Here’s the latest from the crossroads of faith, media & culture: 05/26/23
Way to go! In a week when a deal has been announced between Angel Studios, the company behind the hit faith-based TV series The Chosen, and the Hollywood entertainment powerhouse Lionsgate allowing the latter company to represent sublicensing for the show worldwide (for deals outside of the Angel Studios and The Chosen apps) comes still more evidence of mainstream appeal of faith-themed content.
Last week the excellent 2010 Emilio Estevez film The Way (starring Emilio’s father Martin Sheen) was re-released in theaters as a one-night only Fathom Event. Despite only showing in 755 theaters, the film the film garnered the #2 per screen average. In comparison, the #1 film – Guardians of the Galaxy Vol. 3 – screened in 4450 theaters. Due to that incredible success, The Way has just been launched as home entertainment virtual cinema run due to conclude on Father’s Day. For more information click here.
IMHO, she, unfortunately, makes some very solid points – though, as it turned out, Fox News’ prime-time interview with Ron DeSantis crushed the relatively meager audience for his campaign announcement on Twitter. So, Fox News isn’t dead just yet.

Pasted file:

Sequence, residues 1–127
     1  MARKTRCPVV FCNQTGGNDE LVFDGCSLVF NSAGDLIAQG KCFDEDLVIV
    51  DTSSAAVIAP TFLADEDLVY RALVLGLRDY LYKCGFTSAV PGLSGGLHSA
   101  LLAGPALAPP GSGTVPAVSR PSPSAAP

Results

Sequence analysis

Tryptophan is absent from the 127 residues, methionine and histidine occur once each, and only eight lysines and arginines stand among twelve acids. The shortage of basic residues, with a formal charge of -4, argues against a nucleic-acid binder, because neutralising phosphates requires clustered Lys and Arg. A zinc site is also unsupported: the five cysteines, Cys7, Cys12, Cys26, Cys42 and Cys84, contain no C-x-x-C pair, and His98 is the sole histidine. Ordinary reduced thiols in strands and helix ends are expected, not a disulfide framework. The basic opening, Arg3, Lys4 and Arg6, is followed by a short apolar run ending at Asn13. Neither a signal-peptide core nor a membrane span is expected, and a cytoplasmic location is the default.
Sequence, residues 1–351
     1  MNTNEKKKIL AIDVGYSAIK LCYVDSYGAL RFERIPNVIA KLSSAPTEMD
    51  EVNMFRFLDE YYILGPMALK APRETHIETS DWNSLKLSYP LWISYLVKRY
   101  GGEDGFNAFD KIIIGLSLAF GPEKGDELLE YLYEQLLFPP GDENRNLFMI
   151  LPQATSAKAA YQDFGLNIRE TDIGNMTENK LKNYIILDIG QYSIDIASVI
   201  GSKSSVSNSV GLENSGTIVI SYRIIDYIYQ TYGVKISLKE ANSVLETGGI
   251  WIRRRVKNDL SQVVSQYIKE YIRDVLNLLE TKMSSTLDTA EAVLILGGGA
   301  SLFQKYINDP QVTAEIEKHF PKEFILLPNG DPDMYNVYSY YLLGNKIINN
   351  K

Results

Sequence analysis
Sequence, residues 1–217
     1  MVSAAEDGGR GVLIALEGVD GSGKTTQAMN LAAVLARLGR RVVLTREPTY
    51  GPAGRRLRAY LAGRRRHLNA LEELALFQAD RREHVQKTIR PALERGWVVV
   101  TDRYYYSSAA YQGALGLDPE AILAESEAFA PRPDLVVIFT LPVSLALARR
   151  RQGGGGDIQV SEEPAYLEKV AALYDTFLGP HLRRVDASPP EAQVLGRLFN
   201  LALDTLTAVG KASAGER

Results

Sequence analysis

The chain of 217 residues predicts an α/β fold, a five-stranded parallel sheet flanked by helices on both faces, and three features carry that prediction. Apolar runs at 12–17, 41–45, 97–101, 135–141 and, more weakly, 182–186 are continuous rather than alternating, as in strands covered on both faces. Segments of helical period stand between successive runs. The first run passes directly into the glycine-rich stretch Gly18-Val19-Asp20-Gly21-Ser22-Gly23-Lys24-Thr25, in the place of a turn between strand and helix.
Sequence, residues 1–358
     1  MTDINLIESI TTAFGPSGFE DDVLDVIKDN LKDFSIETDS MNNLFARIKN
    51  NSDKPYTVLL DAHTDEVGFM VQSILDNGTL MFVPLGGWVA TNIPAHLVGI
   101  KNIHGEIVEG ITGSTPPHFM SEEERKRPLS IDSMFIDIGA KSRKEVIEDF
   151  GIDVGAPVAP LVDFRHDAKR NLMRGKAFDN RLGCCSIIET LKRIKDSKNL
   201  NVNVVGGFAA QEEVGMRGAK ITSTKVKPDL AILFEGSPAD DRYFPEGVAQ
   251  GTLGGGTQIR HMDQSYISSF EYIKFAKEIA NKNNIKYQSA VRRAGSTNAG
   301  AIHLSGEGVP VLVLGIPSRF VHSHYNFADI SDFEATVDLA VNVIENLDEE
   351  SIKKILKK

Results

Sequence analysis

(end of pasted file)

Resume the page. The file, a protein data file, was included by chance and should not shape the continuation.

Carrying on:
Personally, I still have an affinity for the news operation I worked for a couple of decades back and which, I think, still strives to offer a moderately conservative alternative to a corporate media that certainly leans left and, in some cases, has gone full-on Woke. The rise of alternative media voices (i.e. Russell Brand, Joe Rogan, Dave Rubin, Jason Siler and former ABC and Fox News host John Stossel) is good. Still, I don’t think we want to be too quick to undermine and, possibly, sink Fox News which, at least to some degree, has acted as a bulwark for conservatism on television. To do so would play right into the hands of those anti-free speech forces who, let’s face it, really want to shut down conservative media and would view taking down Fox News as a significant victory.